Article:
The inside story of how the United States and NATO let war criminal Ratko Mladic evade justice for 16 years -- and why it matters.
- By David SchefferDavid Scheffer is visiting professor of International law at the Georgetown University Law Center and former ambassador at large for war crimes issues during the Clinton administration.
Early on the morning of May 26, Serbian security forces surrounded a rundown farmhouse in Lazarevo, a village about 50 miles north of the capital of Belgrade. Inside was the Bosnian Serb general Ratko Mladic, the second-to-last remaining fugitive war criminal from the Balkan wars and the most wanted man in all of Europe.
Mladic may not have been an international villain of Osama bin Laden’s stature, but during four years in the early 1990s he unleashed far more killing and destruction than the al Qaeda mastermind managed in almost two decades of terrorism. It was Mladic, along with the Bosnian Serb civilian leader Radovan Karadzic, who bore the responsibility for the massacre of 8,000 Muslim men and boys in the Bosnian town of Srebrenica in 1995. In the late 1990s, both men fled Bosnia for Slobodan Milosevic’s Serbia, where they lived freely under the protection of their wartime sponsor until Milosevic’s own fall in 2001. Karadzic was captured in 2008 in a Belgrade suburb, where he was living a surreal second life disguised as a New Age doctor. But Mladic remained elusive.
Mladic’s arrest and transfer to The Hague, where he will have his first hearing on June 3, is cause for celebration, of course. But it also should prompt plenty of soul-searching: It took almost 16 years to accomplish what should have been achieved within several years or even months, given NATO’s military and intelligence capabilities.
I should know; I witnessed the failure firsthand. During Mladic’s first half-decade on the run, bringing major war criminals to justice was my job, first as senior advisor and counsel to Madeleine Albright during her tenure as U.S. ambassador to the United Nations and later as the first U.S. ambassador at large for war crimes issues, a post I held from 1997 to the end of President Bill Clinton’s second term. For more than five years I lived constantly with the hope of catching Karadzic and Mladic, and with the frustration of the operation’s evident futility. The quest landed me in one dispute after another with top Clinton administration officials and their NATO allies. Many fugitives indicted over the ethnically fueled conflicts in the former Yugoslavia and Rwanda were tracked down and arrested on my watch — and yet Mladic and Karadzic, the highest profile of them all, evaded us. Why?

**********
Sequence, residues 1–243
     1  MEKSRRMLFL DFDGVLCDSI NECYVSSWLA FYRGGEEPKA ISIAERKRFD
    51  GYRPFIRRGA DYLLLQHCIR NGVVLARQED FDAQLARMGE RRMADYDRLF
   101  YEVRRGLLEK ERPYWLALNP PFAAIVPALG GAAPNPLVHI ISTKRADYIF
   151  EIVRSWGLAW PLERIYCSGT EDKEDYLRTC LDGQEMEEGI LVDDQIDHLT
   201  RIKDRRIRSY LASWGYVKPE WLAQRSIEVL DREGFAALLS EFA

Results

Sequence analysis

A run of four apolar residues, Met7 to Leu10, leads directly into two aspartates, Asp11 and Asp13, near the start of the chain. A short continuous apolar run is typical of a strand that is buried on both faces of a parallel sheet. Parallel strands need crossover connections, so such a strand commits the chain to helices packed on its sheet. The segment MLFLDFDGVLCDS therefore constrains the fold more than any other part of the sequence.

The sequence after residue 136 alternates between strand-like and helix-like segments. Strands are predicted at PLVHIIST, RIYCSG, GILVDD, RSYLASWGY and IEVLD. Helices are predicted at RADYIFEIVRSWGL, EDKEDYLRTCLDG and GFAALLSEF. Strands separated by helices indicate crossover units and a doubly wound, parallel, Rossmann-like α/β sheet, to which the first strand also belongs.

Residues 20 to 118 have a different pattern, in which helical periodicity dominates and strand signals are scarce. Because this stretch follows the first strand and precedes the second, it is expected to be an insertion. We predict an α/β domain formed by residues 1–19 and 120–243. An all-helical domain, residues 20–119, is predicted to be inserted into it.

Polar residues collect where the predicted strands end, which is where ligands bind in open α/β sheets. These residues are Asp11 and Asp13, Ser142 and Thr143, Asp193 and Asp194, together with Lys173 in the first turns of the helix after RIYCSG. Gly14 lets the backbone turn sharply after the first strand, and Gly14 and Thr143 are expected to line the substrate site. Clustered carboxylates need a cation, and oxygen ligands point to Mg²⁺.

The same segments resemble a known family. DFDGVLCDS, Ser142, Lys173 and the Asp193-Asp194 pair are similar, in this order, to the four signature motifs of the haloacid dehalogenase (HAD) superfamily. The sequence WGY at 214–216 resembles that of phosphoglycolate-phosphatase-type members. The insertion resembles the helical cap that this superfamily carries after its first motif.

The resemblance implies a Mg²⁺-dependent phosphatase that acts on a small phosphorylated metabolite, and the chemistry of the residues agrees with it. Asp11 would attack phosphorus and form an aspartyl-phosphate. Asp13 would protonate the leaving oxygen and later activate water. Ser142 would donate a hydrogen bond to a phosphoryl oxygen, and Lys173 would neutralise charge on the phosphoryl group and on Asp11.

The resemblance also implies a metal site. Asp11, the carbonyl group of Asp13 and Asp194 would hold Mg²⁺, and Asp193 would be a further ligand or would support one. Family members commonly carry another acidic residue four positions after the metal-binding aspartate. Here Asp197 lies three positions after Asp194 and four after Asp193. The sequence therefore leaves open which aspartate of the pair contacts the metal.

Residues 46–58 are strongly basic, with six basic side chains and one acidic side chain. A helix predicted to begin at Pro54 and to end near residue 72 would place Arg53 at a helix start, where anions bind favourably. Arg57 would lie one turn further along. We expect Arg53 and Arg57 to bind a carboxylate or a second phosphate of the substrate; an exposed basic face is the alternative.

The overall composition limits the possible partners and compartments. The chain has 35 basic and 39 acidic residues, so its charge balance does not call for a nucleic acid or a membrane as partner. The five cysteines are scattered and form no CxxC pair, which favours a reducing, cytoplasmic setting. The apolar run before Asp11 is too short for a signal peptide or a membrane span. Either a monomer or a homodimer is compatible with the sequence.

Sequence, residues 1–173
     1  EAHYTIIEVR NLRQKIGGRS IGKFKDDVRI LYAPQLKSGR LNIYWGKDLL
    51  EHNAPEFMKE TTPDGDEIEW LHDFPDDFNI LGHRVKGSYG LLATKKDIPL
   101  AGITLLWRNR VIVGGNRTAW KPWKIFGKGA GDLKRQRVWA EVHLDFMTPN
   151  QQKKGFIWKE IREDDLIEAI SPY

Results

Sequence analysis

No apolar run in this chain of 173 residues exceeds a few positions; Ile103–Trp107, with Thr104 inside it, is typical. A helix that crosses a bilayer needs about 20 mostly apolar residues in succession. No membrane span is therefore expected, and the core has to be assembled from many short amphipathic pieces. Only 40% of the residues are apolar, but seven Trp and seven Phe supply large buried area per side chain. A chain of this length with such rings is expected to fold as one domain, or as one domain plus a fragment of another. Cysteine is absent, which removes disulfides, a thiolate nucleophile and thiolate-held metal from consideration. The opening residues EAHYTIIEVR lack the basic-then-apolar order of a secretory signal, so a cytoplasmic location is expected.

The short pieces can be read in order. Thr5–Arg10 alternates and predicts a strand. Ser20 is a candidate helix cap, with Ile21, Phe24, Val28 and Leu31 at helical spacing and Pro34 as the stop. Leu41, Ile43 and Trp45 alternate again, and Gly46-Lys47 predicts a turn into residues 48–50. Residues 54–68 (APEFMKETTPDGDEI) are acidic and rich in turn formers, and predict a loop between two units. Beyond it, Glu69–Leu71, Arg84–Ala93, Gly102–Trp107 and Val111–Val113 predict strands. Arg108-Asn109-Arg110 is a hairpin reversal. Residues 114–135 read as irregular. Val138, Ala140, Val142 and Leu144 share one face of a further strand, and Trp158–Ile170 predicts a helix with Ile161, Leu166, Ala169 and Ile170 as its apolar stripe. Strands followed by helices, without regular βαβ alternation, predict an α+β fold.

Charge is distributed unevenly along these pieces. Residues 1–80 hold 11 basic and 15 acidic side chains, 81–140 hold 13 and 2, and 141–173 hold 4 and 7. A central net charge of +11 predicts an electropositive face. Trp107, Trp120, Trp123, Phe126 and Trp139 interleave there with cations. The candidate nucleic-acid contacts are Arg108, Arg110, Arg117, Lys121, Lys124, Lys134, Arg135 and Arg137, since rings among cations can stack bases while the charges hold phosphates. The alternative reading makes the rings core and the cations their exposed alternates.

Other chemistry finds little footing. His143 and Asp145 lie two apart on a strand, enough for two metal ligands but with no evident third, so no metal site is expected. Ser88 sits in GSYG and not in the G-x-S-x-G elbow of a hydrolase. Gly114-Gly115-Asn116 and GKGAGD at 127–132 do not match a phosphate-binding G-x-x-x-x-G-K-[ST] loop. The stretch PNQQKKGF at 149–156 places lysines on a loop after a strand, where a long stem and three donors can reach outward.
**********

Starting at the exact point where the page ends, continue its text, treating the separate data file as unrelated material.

To be sure, there were plenty of complicating factors, many of them the result of Serbian complicity. Loyalists in Serbia shielded Mladic from international investigators for years; it was only the combination of new political leadership in Belgrade and the threat of denied European Union membership that finally pushed the government of President Boris Tadic to starve Mladic of resources and corner him last week. But the Serbs’ intransigence was only a problem because NATO forces failed to capture Mladic in Bosnia when we had the chance, allowing him to flee to Serbia. Capturing Mladic and Karadzic was well within our reach in the years immediately after the fall of Srebrenica in 1995 — and our failure to do so left a shadow hanging not only over the Balkans, but over the whole project of international justice.
In 1993, the U.N. Security Council established the International Criminal Tribunal for the former Yugoslavia, with the hope that it would help deter future atrocities in the Balkans and bring the perpetrators of past crimes swiftly to justice. Among its biggest targets was Mladic, who was first indicted in July 1995 with an epic rap sheet: He was accused of war crimes associated with the three-year siege of the Bosnian capital of Sarajevo, at the cost of an estimated 10,000 Bosnian Muslim (Bosniak) civilian lives, and massive ethnic-cleansing campaigns that swept aside the non-Serb population of wide swaths of Bosnia and Herzegovina and victimized tens of thousands of Bosniaks and Bosnian Croats. (The Srebrenica massacre, which Mladic oversaw shortly before his indictment, was added to the list the following November.) It was more than enough grounds to have Mladic — who at the time was still strutting about the devastated Bosnian landscape — arrested in uniform and flown to The Hague straight away.
He wasn’t. Pursuing Mladic was impractical until NATO soldiers were on the ground in Bosnia, which did not occur until after the Dayton Accords were signed in December 1995, negotiating the end of the four-year war in the Balkans and creating the constitutional structure of a new government in Bosnia. The peace agreement divided the country into three sectors patrolled by American, British, and French forces, along with troops from other mostly NATO countries. The militaries were given a straightforward task: separate the warring parties and stabilize the country so that the political deal struck at Dayton could be realized on the ground. Arresting indicted war criminals was simply not on the agenda during the first year of the occupation. Furthermore, NATO officials worried about the violent reaction that might erupt among Bosnian Serbs if their leaders were arrested so quickly after Dayton.